Kick your high salt intake with Kikkoman's umami effect
by Nick Harman - Friday February 26, 2010 2:32 am
It is of course the latter and quite a bit of talk around tables centres on this quasi-magical taste sensation derived mostly from glutamine. It’s found in well made stocks, in mushrooms, in kombu seaweed, in preserved anchovies and even in Marmite. It’s also found, a lot, in soy sauce.
This last fact explains why we are gathered, student-like, in the tiered seats in the teaching theatre at Westminster Kingsway Catering College and why I am fighting a regressive urge to doodle on the back of the collar of the chap in front of me. I never did like lectures.
Kikkoman’s make Japanese soy sauce, a superior soy sauce they explain disdainfully, not a bit like that Chinese stuff. Kikkoman’s Soy comes in the jaunty little bottle with the red hat, is naturally brewed, and made from just four ingredients to a 350 year old recipe– water, soybeans, wheat and salt. Oh no! Salt! Ah, but fear not.
As a jolly Japanese man explains, with the help of impenetrable Power Point slides, substituting Kikkoman’s soy sauce for salt in cooking actually reduces our salt intake. This is because we use less of it owing to the umami effect –tests have shown that using soy and not salt means we perceive the increase in flavour we expect from adding salt, but as it’s achieved by the soy sauce, we are actually adding a lot less.
Proof of the pudding comes with some soup, little shot glasses of tomato soup. One is seasoned with salt, one with soy. The soy one undoubtedly tastes better, but no one raises the issue that adding soy to tomato soup will soon turn it the colour of a bloody mary. Salad leaves alternately dressed with vinaigrette made from balsamic vinegar and soy again prove soy’s superiority and a wail goes up in the nation’s middle class dining rooms “But we bought that Balsamic in Sienna! It cost a fortune!”
Time to bring on an expert. Nigel Barden Food and Drink star of radio has been roped in to extol the virtues of soy sauce which he does by becoming Derren Brown. His radio mike crackling he asks leading questions of his audience of food writers and then waits for the inevitable correct answer. It makes me pat myself down to check I still have my wallet and I worry he may suddenly expose me as a serial adulterer or convince me I’m a chicken.
That would be better than being a lamb, Nigel has brought along a massive bag of lamb chump chops which he marinades in soy and something else (sorry, I was still checking my pockets at that stage) and proceeds to grill them a la plancha. Within minutes the room is full of smoke into which he is beginning to disappear. Some of the more elderly food writers are beginning to cough violently and I can visualise tomorrow’s headlines topped with a picture of me being fireman-lifted to safety. ‘Gourmets get gassed horror’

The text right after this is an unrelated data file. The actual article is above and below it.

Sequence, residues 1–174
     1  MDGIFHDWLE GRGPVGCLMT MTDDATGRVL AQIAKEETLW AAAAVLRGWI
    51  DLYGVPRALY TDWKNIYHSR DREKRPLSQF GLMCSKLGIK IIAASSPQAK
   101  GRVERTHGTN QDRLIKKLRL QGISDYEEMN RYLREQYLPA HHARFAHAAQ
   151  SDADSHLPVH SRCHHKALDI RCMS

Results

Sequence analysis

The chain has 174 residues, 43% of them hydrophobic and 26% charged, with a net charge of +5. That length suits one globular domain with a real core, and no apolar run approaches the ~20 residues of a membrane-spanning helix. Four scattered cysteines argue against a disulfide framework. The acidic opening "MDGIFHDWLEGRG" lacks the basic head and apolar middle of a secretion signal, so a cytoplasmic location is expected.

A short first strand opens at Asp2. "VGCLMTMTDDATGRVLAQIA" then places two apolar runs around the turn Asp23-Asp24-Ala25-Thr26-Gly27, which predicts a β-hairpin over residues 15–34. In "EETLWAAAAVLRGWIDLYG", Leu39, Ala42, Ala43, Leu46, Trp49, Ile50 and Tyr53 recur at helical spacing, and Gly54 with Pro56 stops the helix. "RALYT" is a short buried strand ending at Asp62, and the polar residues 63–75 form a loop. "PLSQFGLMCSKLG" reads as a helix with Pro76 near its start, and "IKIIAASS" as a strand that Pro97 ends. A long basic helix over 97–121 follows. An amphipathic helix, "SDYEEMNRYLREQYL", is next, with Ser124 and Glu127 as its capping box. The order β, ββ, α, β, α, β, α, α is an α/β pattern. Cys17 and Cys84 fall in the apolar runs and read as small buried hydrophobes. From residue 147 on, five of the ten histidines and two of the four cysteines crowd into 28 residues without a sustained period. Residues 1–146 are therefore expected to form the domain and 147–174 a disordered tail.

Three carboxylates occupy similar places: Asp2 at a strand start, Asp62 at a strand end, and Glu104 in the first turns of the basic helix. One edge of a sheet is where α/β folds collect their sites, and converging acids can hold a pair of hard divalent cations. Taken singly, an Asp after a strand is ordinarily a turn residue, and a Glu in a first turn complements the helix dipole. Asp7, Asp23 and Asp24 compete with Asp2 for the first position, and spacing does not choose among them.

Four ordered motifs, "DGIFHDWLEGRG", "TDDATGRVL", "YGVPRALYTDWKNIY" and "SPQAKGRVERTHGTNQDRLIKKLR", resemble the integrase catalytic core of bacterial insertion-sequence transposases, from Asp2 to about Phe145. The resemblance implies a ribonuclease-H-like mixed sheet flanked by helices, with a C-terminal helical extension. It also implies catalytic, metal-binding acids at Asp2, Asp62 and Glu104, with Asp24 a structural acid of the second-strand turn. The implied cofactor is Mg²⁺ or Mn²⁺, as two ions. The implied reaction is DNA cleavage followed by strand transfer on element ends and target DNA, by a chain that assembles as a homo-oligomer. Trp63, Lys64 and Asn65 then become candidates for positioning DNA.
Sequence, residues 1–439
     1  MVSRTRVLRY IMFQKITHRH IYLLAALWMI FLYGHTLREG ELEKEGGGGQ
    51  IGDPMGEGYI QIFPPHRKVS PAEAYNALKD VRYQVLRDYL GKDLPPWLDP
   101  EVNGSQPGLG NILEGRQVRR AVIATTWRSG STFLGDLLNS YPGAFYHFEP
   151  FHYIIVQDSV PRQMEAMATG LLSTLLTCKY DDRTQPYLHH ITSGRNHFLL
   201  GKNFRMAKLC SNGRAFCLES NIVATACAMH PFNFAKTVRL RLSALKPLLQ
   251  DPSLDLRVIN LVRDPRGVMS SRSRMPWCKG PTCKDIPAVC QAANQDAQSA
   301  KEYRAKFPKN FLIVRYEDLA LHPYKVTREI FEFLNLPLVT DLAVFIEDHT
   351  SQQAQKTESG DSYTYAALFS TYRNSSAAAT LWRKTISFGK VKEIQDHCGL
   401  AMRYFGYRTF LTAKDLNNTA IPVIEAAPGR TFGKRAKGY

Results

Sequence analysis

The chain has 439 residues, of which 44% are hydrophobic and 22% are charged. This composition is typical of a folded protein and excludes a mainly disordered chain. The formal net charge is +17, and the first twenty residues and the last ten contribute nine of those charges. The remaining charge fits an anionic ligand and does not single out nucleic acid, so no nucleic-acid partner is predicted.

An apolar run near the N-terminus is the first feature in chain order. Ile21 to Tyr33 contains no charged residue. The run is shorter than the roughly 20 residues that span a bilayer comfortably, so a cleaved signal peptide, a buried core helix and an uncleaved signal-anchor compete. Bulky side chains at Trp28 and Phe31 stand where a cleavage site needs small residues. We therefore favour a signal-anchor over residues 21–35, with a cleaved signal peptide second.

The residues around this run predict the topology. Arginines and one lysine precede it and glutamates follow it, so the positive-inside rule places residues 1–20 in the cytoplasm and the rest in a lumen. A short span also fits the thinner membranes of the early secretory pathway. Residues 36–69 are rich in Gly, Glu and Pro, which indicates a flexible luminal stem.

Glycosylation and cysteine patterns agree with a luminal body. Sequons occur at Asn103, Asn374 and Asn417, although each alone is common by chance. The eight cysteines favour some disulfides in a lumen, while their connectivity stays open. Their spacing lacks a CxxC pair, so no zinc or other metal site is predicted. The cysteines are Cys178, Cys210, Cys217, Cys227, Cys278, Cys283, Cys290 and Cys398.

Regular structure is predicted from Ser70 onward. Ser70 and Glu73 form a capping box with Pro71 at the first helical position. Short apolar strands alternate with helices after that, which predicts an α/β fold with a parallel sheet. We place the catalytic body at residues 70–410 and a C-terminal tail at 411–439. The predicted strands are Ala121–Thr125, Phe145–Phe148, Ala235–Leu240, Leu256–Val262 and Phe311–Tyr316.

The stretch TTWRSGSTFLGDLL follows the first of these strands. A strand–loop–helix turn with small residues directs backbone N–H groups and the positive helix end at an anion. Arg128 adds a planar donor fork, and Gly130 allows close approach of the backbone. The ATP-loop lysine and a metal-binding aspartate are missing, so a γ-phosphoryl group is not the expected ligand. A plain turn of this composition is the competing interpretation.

The big extraction hood seems powerless to prevent imminent asphyxiation, something Nigel peering through the smoke becomes dimly aware off, and he hurries up the cooking to compensate and we are all served some semi raw lamb. To be fair, the cooked bits taste quite nice but a stampede for the door has begun and I join it, elbowing venerable writers out of my way many of whom, owing to decades of eating heartily, are no longer as quick on their feet as they could be.
Downstairs in a room that has seen dining action since before the 1st World War,and from the strange odour around, may have still have some things of that date decaying behind the radiators, we eat a quick two course meal of pork belly followed by sea bream, prepared and served by the students, Kikkoman’s soy sauce being used for both dishes.
And it’s not bad at all, very good presentation, a bit of foam for effect, and well seasoned so full marks to the students.
With the addition of soy sauce capable of bringing about a 50% reduction in salt used in some dishes, it’s clearly something to think about and there are plenty of opportunities to swap soy for salt, especially in dark dishes. The maximum recommended salt consumption is 5g a day but in the West we often eat as much as 15g according to estimates. I think, shamefully, I may eat even more.
The Royal Society of Chemistry have used soy to make their 'perfect gravy' and so here is the recipe for you to try this Sunday:
Cook your roast on a bed of vegetables then add some flour to the resulting juices to make a paste. Add vegetable cooking water, scraping up all the yummy gooey bits as you go.
Add a splash of Kikkoman’s and a dash of iodised salt and some pepper. That’s all you need, unless you fancy a bit of red wine in and I wouldn't say no if you did. Reduce to your desired thickness. As Big Sweary would say, “Sunday gravy for the roast. Done”
You’ll find more recipes using Kikkoman’s regular and low salt soy sauce on their website www.kikkoman.com/cookbook/